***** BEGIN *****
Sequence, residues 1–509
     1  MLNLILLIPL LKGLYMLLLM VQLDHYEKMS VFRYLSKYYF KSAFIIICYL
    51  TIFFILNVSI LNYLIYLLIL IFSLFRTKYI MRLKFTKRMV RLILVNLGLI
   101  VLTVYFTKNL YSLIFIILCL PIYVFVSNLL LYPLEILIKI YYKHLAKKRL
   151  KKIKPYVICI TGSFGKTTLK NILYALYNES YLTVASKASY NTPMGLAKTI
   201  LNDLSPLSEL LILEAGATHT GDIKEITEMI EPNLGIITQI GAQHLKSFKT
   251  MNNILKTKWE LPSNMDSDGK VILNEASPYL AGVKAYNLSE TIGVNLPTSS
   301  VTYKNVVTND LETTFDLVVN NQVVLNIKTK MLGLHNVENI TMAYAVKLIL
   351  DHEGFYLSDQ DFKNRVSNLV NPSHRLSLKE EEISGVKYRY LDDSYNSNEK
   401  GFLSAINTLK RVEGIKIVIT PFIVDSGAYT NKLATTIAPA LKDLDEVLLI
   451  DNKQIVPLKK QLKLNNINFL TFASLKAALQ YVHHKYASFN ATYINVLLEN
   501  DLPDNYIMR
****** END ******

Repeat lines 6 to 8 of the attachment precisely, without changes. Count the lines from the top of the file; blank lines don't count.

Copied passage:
   201  LNDLSPLSEL LILEAGATHT GDIKEITEMI EPNLGIITQI GAQHLKSFKT
   251  MNNILKTKWE LPSNMDSDGK VILNEASPYL AGVKAYNLSE TIGVNLPTSS
   301  VTYKNVVTND LETTFDLVVN NQVVLNIKTK MLGLHNVENI TMAYAVKLIL